Art only exists if it is shared: Writer-in-residence shares thoughts on the craft

Sheila Heti isn’t afraid to get inside her own head and sometimes she climbs inside those of the people she admires and finds interesting.

The young author is The University of Western Ontario’s new James A. and Marjorie Spenceley Canada Council for the Arts Writer-in-Residence for 2011-12.

“I was very much interested in being trapped in your own head. It was a way of translating what I was thinking and feeling inside,” Heti says of her second book, Ticknor, which follows the life of George Ticknor.

It is a paranoid examination of self as he tries to reconcile his own failure with the success of his boyhood friend and famous American historian William Prescott. The book was inspired by the real relationship between the two (Ticknor published a biography of Prescott in 1863). Heti wrote the book at a time when she was wrestling with her sudden fame and public attention to her writing.

The self-examination in Ticknor came on the heels of Heti’s critically acclaimed short stories collection, The Middle Stories, through which she penned her way onto the Canadian literary scene.

“When I started writing it I had no thought of it ever being a book. I was just writing stories … and I was at U of T at the time studying art history and philosophy. I never thought of them as a collection,” says the Toronto-based writer.

The result was an assortment of eclectic fairy tales, which brought Heti’s unique world perspective and voice to life. She has since been revered as a person to watch on the Canadian literary scene.

It is difficult to pinpoint Heti’s writing style, as she dabbles in various mediums, from short stories and novels, to essays and an illustrated children’s book. She also works as the interviews editor for The Believer magazine.

Her writing has appeared in The New York Times, n+1, McSweeney’s, Brick, Geist, Maisonneuve, Bookforum, The Guardian, among others, and has been translated into German, French, Spanish, Dutch, Italian, Vietnamese and Serbian.

In 2001, Heti co-created the Trampoline Hall lecture series in Toronto. Hosted by friend Misha Glouberman, the event invites people to speak about subjects outside of their expertise.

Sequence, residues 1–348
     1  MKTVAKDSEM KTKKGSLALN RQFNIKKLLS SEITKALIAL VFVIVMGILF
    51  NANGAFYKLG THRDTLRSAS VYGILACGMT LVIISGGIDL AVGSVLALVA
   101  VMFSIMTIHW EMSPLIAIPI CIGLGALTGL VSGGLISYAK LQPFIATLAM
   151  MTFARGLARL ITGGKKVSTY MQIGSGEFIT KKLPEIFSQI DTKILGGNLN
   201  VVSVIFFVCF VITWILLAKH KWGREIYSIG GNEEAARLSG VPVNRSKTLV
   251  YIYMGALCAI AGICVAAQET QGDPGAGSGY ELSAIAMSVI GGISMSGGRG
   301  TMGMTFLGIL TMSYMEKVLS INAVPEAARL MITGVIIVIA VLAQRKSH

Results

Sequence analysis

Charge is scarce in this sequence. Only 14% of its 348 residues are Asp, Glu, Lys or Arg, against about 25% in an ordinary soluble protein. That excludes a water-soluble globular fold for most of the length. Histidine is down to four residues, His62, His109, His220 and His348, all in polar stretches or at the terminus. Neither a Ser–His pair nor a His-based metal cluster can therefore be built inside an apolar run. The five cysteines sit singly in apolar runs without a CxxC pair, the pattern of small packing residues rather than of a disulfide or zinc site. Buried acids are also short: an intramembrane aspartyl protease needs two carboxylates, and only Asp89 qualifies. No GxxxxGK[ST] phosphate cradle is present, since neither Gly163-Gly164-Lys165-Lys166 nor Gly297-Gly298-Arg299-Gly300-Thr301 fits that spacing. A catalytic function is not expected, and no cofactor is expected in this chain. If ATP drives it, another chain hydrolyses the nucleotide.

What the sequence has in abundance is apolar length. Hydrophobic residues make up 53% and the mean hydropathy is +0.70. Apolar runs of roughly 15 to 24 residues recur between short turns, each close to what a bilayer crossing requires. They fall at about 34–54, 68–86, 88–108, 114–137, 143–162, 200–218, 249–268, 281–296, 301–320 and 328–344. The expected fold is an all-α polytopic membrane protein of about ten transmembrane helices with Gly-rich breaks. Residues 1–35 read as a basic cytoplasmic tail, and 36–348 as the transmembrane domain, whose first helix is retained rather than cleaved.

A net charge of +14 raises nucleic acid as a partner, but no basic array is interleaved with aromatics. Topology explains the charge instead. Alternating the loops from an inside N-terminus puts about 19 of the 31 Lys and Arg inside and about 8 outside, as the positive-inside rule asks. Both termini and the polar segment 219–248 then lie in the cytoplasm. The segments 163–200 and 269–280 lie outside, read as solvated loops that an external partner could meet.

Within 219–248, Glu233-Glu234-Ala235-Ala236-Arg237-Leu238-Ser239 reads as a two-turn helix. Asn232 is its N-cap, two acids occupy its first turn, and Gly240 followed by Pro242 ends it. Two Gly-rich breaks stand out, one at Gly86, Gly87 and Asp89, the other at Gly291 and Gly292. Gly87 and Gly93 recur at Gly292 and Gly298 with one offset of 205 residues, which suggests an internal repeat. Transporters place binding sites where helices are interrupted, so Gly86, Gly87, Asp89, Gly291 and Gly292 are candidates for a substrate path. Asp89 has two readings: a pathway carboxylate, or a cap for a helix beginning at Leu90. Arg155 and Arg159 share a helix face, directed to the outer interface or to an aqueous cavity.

The genesis of Trampoline Hall was Heti’s veracious interest in people and it allowed her to turn the spotlight off of herself and onto other people.

“I sort-of had some attention on me and I wanted to put the attention on other people,” she says, noting she never took the stage herself. “For me, I felt a bit of discomfort in having people look at me and at my writing and this was a way of just looking at other people.”

Trampoline Hall provided a forum for ordinary people – especially those who did not have public personas – to offer a lecture and take questions from the audience.

“People are interesting. I really wanted to get people who I just wanted to hear talk; somebody I’d want to be in a conversation with. I wanted to put them on stage and have them have a conversation in some way with the audience.”

The popular format has been replicated in the United States, with Heti and Glouberman travelling across the country to facilitate the shows. The pair also collaborated on a non-fiction book, The Chairs Are Where The People Go.

When asked her reaction to being named Western’s writer-in-residence, Heti modestly replied she does not feel comfortable putting herself in a position of authority, particularly when speaking about other people’s writing.

Rather, she plans to adopt a conversational format and leave her door open for discussions on a person’s writing. She is also setting aside an hour each Tuesday to invite budding writers to practice their craft, surrounded by other writers. The collective energy of room will likely cultivate creativity, she notes.

“I’ve always had one or two people I can show my writing to and that’s been so valuable,” she says. “I’m happy to be one of those people. It’s just really important not to keep your stuff in a drawer forever because writing – art – is for the world.

“I don’t think it really even exists unless people are responding to it in some way. So if I can be the first audience for somebody then that work suddenly becomes more real that it was sitting in the drawer.”

When she read Franz Kafka’s The Metamorphosis at the age of 16, she realized “you can do anything in art. That gave me permission to be free.”

Likewise, Heti wants to young writers to find courage to express their unique point of view. “I never tell myself not to do something that feels right to do,” she notes. “The only person who you are doing this for is yourself and whoever you hope to touch. But it has to start with you.

“If you don’t move yourself, you aren’t going to move others.”

For information or appointments, contact Vivian Foglton at